Much larger than the MS Nordnorge, the MS Midnatsol had nine floors, six of which were accessible for passengers. One of my favourite parts of the ship was the two-floor lounge on the bow side of floors 8 and 9, which allowed a nearly 180 degree view around the front of the boat through its giant glass windows. It was a perfect place to watch the scenery without having to brave the wind that comes with being out on the sea. There was also a small concert here by a local band just before we disembarked in Tromsø.

The panorama deck of the MS Midnatsol.

The panorama deck of the MS Midnatsol.

My other favourite spot on the ship was the massive roof deck on floor 9. A very conveniently placed bar sits just inside folding doors and leads out to so much deck space that, when there was a party there shortly after I got on board, it still didn’t seem crowded. In the stern of the ship, this deck actually opens out to a massive helicopter pad, next to which there sit a lot of lounge chairs. If you think you can brave the temperatures and wind it’s a great place to watch the snow-capped fjords go by. I sat in one for about 30 minutes after checking out, although I will admit that it was much more comfortable when we were in port!

The roof deck of the MS Midnatsol.

The roof deck of the MS Midnatsol.

My cabin in the MS Midnatsol was about what I expected; a single bed, a couch, a desk, and a bathroom. I didn’t feel cramped at all and the rocking of the ship was enough to put me to sleep quickly. I loved the fact that the bathroom had heated floors too — it was very nice for warming my feet after I snuck out on deck in just my flip flops.

MS Nordnorge 

As I mentioned above. the MS Nordnorge is much smaller than the MS Midnatsol. It only holds 623 passengers vs. the MS Midnatsol’s 1000 — a fact that I keenly noticed since there weren’t any cabins available when I booked. As a result, I ended up sleeping on a couch in one of the bar areas that was empty for the night. The fact that I didn’t sleep as well there didn’t have to do with being on the couch, but was more because the ship, now on the open seas, spent the entire night on a roller coaster of waves. Even though I didn’t get a brilliant night’s sleep, I didn’t get seasick either…and that was much more important to me!

The bar/my bedroom for the night on the MS Nordnorge.

The bar/my bedroom for the night on the MS Nordnorge.

Because of this roller coaster, I really missed having the large outside decks of the Midnatsol. When there was an announcement that the northern lights were visible, only a few of us were game to try going outside on the deck that wrapped around level 6. I tried to see them but was blinded by the falling snow, and I felt like one slip might send me overboard — not what you want in the Norwegian Sea.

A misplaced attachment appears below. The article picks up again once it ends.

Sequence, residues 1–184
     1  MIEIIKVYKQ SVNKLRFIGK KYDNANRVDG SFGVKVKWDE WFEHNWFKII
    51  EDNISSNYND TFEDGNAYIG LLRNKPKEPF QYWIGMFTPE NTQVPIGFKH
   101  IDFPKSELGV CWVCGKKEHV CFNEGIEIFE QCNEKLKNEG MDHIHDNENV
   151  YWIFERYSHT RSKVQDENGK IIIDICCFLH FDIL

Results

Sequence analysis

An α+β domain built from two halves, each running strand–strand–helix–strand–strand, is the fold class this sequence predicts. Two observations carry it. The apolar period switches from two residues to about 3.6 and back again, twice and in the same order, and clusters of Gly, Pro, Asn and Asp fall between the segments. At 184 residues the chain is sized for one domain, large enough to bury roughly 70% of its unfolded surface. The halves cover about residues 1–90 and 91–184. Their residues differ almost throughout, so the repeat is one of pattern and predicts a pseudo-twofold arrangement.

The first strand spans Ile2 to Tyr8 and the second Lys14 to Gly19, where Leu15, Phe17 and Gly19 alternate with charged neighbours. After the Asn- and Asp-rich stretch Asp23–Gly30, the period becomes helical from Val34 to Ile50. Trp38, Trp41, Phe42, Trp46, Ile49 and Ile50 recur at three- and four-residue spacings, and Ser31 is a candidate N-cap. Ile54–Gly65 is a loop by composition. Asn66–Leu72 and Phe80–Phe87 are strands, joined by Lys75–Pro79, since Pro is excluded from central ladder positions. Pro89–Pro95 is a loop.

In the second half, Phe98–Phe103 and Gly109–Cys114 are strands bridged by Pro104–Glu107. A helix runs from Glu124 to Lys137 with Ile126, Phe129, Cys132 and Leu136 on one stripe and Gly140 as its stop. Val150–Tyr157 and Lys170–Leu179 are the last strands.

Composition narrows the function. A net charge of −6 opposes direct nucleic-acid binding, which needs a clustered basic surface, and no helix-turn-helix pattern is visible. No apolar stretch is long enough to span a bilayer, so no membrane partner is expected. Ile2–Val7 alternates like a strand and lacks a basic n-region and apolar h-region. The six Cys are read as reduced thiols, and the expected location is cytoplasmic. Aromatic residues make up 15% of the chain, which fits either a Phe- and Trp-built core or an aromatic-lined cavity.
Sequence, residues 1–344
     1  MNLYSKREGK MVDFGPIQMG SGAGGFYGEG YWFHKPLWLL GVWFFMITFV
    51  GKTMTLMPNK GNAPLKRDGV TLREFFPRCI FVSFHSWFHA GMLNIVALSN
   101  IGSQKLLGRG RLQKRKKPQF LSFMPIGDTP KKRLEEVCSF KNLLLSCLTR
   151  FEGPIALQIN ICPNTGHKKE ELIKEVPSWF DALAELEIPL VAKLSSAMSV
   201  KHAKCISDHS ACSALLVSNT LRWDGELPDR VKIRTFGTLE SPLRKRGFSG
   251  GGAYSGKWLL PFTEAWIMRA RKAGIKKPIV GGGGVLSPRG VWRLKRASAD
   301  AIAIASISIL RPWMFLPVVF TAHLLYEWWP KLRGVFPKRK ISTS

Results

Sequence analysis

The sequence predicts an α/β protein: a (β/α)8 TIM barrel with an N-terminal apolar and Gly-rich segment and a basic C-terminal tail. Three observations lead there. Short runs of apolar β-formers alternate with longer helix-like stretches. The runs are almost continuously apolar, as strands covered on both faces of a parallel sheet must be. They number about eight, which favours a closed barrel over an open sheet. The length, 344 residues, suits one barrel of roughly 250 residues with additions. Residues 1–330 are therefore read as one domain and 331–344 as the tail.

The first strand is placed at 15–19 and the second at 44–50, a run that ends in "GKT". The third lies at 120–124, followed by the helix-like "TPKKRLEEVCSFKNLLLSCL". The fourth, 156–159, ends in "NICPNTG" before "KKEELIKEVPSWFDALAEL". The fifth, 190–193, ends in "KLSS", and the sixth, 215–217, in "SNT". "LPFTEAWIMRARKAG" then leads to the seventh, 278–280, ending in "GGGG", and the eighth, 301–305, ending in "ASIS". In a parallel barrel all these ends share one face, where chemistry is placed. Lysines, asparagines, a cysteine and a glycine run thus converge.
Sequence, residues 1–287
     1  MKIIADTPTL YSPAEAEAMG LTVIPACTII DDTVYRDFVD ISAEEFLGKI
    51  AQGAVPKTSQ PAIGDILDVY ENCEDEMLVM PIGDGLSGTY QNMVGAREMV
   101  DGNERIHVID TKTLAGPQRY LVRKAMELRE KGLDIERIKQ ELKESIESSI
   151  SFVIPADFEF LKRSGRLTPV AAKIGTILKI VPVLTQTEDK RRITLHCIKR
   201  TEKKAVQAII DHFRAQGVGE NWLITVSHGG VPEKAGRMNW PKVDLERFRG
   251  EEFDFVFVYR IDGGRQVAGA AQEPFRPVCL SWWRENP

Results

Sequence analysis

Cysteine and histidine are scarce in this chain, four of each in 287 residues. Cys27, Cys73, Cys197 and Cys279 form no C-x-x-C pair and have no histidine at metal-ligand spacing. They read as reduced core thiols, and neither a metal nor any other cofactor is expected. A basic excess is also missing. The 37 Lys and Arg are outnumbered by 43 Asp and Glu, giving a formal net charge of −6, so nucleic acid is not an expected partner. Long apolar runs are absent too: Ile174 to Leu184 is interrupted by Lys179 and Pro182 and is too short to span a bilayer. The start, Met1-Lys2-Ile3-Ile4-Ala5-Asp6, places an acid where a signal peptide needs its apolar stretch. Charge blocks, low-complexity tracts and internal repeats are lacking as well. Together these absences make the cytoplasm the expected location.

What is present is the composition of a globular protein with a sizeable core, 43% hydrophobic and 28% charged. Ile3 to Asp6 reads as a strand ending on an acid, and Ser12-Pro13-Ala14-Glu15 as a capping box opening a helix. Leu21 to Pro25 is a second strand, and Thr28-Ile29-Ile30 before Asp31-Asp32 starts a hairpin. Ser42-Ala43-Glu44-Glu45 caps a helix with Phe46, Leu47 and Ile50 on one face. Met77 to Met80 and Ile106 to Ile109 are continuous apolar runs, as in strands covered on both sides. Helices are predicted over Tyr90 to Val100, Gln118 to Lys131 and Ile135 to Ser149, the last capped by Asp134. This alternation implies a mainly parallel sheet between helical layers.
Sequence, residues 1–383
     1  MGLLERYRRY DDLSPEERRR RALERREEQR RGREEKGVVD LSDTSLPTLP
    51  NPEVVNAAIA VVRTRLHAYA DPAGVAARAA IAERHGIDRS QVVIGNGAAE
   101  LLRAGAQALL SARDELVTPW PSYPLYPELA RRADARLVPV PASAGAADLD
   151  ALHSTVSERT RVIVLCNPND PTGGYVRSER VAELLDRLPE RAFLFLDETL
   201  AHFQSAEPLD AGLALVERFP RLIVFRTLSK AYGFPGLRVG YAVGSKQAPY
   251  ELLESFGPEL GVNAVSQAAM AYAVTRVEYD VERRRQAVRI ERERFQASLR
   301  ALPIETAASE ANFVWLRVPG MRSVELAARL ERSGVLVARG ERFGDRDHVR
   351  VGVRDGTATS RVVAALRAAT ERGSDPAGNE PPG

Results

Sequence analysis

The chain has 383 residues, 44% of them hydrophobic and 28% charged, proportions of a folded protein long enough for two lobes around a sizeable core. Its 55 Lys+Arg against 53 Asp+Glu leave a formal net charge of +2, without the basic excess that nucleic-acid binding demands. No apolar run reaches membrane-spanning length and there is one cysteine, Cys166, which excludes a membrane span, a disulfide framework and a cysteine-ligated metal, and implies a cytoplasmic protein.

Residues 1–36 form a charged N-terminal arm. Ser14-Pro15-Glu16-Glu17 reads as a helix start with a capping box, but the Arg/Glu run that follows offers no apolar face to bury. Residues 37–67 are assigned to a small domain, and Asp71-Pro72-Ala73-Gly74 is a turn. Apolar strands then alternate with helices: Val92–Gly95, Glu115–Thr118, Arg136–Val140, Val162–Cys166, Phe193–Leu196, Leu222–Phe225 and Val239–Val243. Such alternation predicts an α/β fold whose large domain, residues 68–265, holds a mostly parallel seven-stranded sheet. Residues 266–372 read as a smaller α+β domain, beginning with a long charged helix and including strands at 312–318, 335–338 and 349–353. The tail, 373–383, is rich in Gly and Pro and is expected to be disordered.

The purser waving the Norwegian flag.

The purser waving the Norwegian flag.

My favourite part about the MS Nordnorge was the purser that made the regular announcements. He was one of the jolliest people I met on my trip and always had a cheeky remark to offer. When we were getting ready to disembark in Honningsvåg, he announced that “If 200 people pile into a very small space like deck 4, it will get very hot and then you will get problems with your heart. You don’t want that.”

When we all managed to disembark, he was bouncing around outside, dancing and swinging a giant Norwegian flag over his head to help guide us to our buses. As soon as enough of us were within earshot, he pointed up above the town at the many rows of fences on the side of the mountain and said, “See, those are the Honningsvåg vineyards! You really should try the wine!” (In actual fact, they were fences to help stop avalanches on the treeless hillside).


I think cruising on the Hurtigruten was the best way I could have been introduced to cruising. We stayed along the coast, getting amazing views in the process, and I got to taste the cruise experience a little bit at a time instead of being thrown on a boat for a week and finding I really didn’t like it after a day. I highly recommend it as an alternative to flying or bussing around northern Norway; even though it takes longer, it is a much more relaxing and scenic way to travel.

Between Tromsø and Honningsvåg

The view from the MS Nordnorge from somewhere between Tromsø and Honningsvåg.

So, are you a cruise person? Does a cruise on the Hurtigruten appeal to you?

I traveled from Svolvær to Honningsvåg courtesy of Hurtigruten, but all opinions stated here are my own. Overnight trips, full cruises, and shore excursions can be booked through their website. You can also check out live maps of where each ship is on the coast in their travel planner (which is good for giving to curious family members following your trip!).